The implications for South Africa are that the risk of importation of monkeypox is a reality as lessons learnt from COVID-19 have illustrated that outbreaks in another part of the world can fast become a global concern. The WHO have not recommended any travel restrictions and are working with the affected countries to limit transmission and determine sources of exposure. For anybody entering South Africa, any illness during travel or upon return from an endemic area should be reported to a healthcare professional, including information about all recent travel, immunization history and contact with any known cases. Residents and travellers to endemic countries should avoid contact with sick animals that could harbour monkeypox virus such as rodents, marsupials, primates and should refrain from eating or handling wild game. A good history is important to rule out any other differential diagnoses, including malaria. Residents and travellers to countries affected in the current outbreak, should report any illness to a healthcare professional, including information about all recent travel and attendance of mass gathering events, festivals and parties, and contact with any known cases. The importance of hand hygiene by using soap and water or alcohol-based sanitizer should be emphasized.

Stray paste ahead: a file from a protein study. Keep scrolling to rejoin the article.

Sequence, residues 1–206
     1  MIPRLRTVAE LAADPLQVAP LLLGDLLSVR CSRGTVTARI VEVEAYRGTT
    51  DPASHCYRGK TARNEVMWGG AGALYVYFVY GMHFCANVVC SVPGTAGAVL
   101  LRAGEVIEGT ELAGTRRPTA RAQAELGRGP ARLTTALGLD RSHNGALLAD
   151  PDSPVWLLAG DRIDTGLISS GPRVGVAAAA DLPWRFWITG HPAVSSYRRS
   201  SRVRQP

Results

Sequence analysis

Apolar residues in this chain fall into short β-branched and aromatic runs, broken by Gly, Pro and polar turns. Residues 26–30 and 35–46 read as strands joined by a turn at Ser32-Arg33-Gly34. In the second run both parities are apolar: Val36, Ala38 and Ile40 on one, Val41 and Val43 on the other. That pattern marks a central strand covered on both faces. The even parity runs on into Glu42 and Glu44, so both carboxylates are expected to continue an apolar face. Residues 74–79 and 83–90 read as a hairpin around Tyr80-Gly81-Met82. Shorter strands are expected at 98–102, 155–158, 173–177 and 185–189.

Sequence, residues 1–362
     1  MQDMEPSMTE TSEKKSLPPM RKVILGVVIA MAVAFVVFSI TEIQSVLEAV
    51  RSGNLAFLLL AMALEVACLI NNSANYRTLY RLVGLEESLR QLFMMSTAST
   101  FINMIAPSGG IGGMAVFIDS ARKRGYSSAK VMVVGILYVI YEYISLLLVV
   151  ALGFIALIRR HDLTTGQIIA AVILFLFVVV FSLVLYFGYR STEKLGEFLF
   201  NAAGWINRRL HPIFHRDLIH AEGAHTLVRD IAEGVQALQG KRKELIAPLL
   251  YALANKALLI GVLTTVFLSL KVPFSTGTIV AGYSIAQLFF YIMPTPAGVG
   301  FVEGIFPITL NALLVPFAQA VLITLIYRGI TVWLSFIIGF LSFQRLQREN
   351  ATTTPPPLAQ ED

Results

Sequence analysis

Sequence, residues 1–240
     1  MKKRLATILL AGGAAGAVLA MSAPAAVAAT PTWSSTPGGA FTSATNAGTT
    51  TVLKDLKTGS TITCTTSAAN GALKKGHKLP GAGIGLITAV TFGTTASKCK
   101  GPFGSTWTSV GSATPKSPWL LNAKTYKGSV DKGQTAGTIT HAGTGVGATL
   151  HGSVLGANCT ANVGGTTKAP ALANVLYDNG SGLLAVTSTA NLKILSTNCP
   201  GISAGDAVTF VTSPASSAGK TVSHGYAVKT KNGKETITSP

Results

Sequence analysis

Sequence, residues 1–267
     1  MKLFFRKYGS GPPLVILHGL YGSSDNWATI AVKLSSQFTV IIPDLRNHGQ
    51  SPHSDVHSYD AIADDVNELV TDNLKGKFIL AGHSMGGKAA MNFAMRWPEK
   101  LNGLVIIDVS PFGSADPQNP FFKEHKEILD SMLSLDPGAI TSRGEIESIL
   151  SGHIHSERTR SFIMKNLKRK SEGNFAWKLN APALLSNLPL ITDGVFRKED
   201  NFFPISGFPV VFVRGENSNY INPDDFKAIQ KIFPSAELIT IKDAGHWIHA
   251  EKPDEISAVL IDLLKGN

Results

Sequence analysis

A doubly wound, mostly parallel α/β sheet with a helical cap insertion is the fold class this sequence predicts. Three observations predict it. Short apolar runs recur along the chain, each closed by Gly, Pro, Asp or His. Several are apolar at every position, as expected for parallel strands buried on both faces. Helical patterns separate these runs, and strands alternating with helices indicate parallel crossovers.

Where can I find more information?

For healthcare workers: (for medical/clinical and laboratory related queries ONLY)+27 82 883 9920
Other:  Centers     for     Disease     Control     and     Prevention,     Atlanta,     United     States     of     America. https://www.cdc.gov/poxvirus/monkeypox/index.html
World Health Organization. http://www.who.int/mediacentre/factsheets/fs161/en/

Is monkeypox sexually transmitted?

Monkeypox has not previously been described as a sexually transmitted infection, though it can be passed on by direct contact during sex, i.e., via lesions on the skin. It is currently unknown if it spreads through semen or vaginal fluids. Because rashes can also emerge on genitals and inside the mouth, oral sex could also be a route of transmission for the virus.

Are there any vaccines?

An antiviral developed to treat smallpox (tecovirimat, commercialized as TPOXX) has been approved for treatment of monkeypox.
Other vaccines for smallpox may provide limited protection since both diseases are from the same family. People vaccinated against smallpox will have some protection against monkeypox.
People below the 40-50 age group are unlikely to have been inoculated against smallpox since vaccination ended back in 1980, the WHO said.
(With inputs from World Health Organization)